This view is different from many other mental health professions in which the general view of the client is one of sickness. Certainly, approaching an individual with a perspective of what can be improved is helpful, and for insurance purposes involving payment for services rendered, a diagnosis of the client is required, however it is my perspective that viewing the client from a wellness standpoint is much more healthy for all involved rather than judging a person as being sick.
Those who view and describe an individual as a “sick person” have already negatively judged him or her. They have not viewed the person as a person, but as an “ill person.” Such a perspective held by such individuals causes them to treat the client differently, as one who needs more and more treatment, more and more medication, more and more confinement. In these situations, the positive view of wellness is gone, and is replaced by a judgment that the “sick person” is unable to become well.
While clients have challenges to achieving and maintaining wellness, it becomes even more of a challenge when many in the mental health field view clients as sick, and only they as the professionals who hold those views have the power and expertise to make them well – or they have already judged that they will never become well. A professional who approaches a client from a perspective of wellness (a perspective that is in the minority), therefore, faces even more challenges, not only for themselves but also for their clients when others view them as sick and unable to become well. A person is still a person, regardless of their diagnosis or disorder. A person is still a person, and has the capability of becoming well. A hopeful perspective toward client wellness must exist in the mental health profession – rather than client sickness – in order that clients are supported and empowered to experience that wellness.
A further challenge in agencies and/or organizations in which a “sickness” perspective prevails is that experienced clinicians fall into the trap of believing that their views and judgments about clients are the best – that they are the experts. Certainly, the experience of a veteran clinician is extremely valuable in treating clients, however experienced clinicians who believe that only their views, judgments, and culture of sickness are the most helpful approaches create a potentially dangerous situations for their clients. Clinicians of all levels of experience must be open-minded to considering and perceiving different views – including those from a wellness perspective – so that their clients receive optimal care and so that they profession, itself, can grow and develop in a healthy way.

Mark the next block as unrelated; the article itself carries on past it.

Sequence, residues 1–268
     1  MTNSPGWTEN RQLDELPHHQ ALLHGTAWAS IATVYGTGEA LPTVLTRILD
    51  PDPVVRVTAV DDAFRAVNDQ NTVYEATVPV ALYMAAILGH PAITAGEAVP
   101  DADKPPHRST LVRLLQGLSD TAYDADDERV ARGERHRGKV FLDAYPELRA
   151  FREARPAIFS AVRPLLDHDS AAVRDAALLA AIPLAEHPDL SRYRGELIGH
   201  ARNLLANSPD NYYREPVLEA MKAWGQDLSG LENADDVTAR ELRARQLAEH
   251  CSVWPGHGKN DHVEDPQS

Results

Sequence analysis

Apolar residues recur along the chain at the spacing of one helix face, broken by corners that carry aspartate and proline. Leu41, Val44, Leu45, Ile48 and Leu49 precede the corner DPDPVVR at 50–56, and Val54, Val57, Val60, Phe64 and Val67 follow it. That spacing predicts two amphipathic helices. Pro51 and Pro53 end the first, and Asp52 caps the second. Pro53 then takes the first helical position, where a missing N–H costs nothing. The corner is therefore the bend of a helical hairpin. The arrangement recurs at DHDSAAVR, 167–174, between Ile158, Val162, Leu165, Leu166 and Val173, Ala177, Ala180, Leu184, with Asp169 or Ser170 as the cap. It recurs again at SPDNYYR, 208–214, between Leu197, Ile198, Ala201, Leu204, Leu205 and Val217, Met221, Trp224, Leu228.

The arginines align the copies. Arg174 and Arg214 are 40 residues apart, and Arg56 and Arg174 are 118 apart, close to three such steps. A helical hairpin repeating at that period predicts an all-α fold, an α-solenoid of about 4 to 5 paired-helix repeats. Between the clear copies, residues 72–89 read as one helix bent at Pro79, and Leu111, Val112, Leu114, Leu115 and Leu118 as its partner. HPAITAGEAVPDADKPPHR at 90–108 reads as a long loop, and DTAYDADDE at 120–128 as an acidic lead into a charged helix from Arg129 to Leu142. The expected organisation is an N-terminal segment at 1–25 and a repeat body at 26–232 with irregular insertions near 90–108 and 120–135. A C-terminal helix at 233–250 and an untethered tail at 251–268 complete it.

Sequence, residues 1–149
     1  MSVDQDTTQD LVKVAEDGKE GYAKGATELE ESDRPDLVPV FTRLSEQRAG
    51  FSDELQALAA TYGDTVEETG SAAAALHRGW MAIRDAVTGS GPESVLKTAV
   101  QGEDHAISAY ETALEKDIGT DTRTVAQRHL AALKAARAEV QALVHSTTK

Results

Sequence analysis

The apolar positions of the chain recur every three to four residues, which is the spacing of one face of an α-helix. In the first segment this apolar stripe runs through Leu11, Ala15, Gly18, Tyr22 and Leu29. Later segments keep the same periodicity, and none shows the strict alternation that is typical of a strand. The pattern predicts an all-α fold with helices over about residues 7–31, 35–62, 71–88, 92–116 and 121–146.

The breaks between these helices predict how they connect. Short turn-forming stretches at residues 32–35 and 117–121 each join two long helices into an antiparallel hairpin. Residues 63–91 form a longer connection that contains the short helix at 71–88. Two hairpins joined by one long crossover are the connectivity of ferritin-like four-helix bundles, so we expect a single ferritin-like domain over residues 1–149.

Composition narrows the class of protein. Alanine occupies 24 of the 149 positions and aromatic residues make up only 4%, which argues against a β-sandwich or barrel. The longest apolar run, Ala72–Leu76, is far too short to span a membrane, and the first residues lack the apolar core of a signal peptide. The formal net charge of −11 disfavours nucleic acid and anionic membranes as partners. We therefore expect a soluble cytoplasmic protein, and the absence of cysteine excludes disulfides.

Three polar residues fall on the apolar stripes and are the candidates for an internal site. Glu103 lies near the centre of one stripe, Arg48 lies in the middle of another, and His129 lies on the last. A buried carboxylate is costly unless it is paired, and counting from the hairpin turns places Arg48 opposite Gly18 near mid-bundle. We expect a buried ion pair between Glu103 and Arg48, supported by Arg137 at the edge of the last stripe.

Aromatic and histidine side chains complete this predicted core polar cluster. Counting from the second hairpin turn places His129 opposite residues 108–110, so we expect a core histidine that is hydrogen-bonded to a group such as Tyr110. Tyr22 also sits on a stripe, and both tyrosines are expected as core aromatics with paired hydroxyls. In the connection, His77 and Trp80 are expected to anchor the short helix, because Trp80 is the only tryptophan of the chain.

Clinicians who view clients from a perspective of illness and negative judgment place their clients at risk for further illness. Clinicians who are set in their ways of expertise toward mental health treatment, and who are unable to be open-minded toward viewing different perspectives regarding it have already erected walls around themselves that are harmful for themselves, their clients, the culture of their agency/organization, and the field of mental health.
What clinicians must always place as a primary priority is that people are people. As such, people should be treated with dignity, understanding, kindness, respect, and sensitivity. If a perspective of client wellness is lacking or absent, clients will likely experience a more difficult road to recovery and may not achieve wellness. What is healthier – being an “expert” clinician whose views of client illness cause him or her to be closed to considering a client’s optimal recovery, or being a clinician who treats a person as a person, and who applies a wellness perspective that supports rather than negatively judges the client? You be the judge.
I would like to wish everyone the joy and blessings of the holiday season, and a happy and healthy new year. Merry Christmas to those who observe the Christian celebration of Jesus’ birth. Happy holidays to those who observe other religious celebrations.
Especially, I would like to recognize and thank my parents and the St. Vincent de Paul Society of St. John Neumann Church in Lilburn, Georgia for all of your help and support to my son and I during the past year. Thank you so much!
May God bless us all.
Linda Yalem. A name, comprised of two words, of a young woman, a fellow student of mine at the University at Buffalo (UB). Linda Yalem. 😦 Tears come to my eyes as I remember her, and the suffering and tragic loss of life that she experienced at the hands of the now-convicted Bike Path Rapist, Altemio Sanchez. Linda Yalem (June 8, 1968 – September 29, 1990) – and other girls and women – were raped and/or murdered by Sanchez during approximately a 30-year period. It took police investigators more than 16 years from the date of Yalem’s death on September 29, 1990 to apprehend Sanchez, who was convicted for the murders of Yalem, Majane Mazur, and Joan Diver, on August 15, 2007.
In 1990, I was a sophomore at the University at Buffalo, just as Linda was. While I never personally knew Linda, I quickly came to know of her upon her death. Linda’s death was very personal to me because she could have been me. I was an avid runner like Linda was. While I did not run distances more than a couple of miles at a time, nor have I ever trained to run in a marathon, I was out there all of the time, whenever I could. I ran around UB’s Amherst Campus, my home at the time, at night and under the sidewalk lights that lined the roads. I always wanted to remain visible while running and to exercise in highly-trafficked areas.